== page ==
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Ok so the question is in the title, and I'm just trying to do some practice problems and this question has me stumped. I do realize that as n goes to infinity, the brackets at the end will always be 1, but I have a hunch that the limit is 0, I just don't know how to prove it. Any help appreciated, thanks.

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    $\begingroup$ $$1-\frac{1}{k^2} = \frac{k^2-1}{k^2} = \frac{(k-1)(k+1)}{k^2}$$ $\endgroup$ Nov 2, 2014 at 19:10

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Rewrite each $1-\frac{1}{k^2}$ as $\frac{(k-1)(k+1)}{k^2}$ and observe the mass cancellations. It will be useful to do this explicitly for say the product of the first $5$ terms.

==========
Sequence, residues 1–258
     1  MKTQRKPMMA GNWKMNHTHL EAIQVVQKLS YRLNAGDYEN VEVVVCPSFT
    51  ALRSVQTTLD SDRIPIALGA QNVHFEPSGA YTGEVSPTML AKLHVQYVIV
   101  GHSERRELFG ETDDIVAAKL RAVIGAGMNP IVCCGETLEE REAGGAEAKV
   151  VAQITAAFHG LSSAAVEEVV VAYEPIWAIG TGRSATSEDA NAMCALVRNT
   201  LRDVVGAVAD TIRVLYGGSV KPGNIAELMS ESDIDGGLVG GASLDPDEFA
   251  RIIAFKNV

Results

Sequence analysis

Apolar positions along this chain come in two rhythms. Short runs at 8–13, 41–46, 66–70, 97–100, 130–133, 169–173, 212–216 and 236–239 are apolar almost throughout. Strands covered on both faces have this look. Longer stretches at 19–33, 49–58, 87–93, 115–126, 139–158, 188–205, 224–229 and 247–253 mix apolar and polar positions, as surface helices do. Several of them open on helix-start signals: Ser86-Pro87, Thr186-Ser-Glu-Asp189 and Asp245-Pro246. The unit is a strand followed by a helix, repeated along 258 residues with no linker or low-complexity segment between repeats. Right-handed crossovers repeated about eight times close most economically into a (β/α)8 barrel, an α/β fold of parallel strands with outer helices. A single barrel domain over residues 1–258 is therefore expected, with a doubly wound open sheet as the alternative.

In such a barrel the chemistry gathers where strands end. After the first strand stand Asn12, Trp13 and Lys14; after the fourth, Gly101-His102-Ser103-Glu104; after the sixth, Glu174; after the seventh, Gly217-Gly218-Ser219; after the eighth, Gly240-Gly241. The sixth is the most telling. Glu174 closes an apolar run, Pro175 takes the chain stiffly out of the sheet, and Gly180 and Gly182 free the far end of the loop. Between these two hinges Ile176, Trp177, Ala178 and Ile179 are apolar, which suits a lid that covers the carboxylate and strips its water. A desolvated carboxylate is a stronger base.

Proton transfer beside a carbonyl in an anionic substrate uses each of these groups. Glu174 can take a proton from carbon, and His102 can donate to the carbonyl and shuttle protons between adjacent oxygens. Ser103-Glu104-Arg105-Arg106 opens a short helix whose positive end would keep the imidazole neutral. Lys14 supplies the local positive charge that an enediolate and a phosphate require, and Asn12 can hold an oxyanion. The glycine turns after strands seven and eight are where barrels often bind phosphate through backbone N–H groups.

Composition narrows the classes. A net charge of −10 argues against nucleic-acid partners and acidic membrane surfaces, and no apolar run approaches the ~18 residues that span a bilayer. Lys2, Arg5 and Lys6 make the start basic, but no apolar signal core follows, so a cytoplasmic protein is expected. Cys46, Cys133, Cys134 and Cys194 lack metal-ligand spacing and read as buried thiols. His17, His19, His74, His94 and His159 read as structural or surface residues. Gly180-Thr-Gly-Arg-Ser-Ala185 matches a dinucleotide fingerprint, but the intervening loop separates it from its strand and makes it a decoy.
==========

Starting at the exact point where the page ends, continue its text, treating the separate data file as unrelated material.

$$\left(\frac{3}{2}\frac{4}{3}\frac{5}{4}\cdots\frac{n}{n-1}\frac{n+1}{n}\right)\cdot\left(\frac{1}{2}\frac{2}{3}\frac{3}{4}\cdots\frac{n-2}{n-1}\frac{n-1}{n}\right)$$

After mass cancellations, pull the $$\frac{n+1}{2}\text{ and }\frac{1}{n}$$

$$\frac{n+1}{2}\cdot\frac{1}{n}$$

Limit of this function tending to infinity $= 1/2$.

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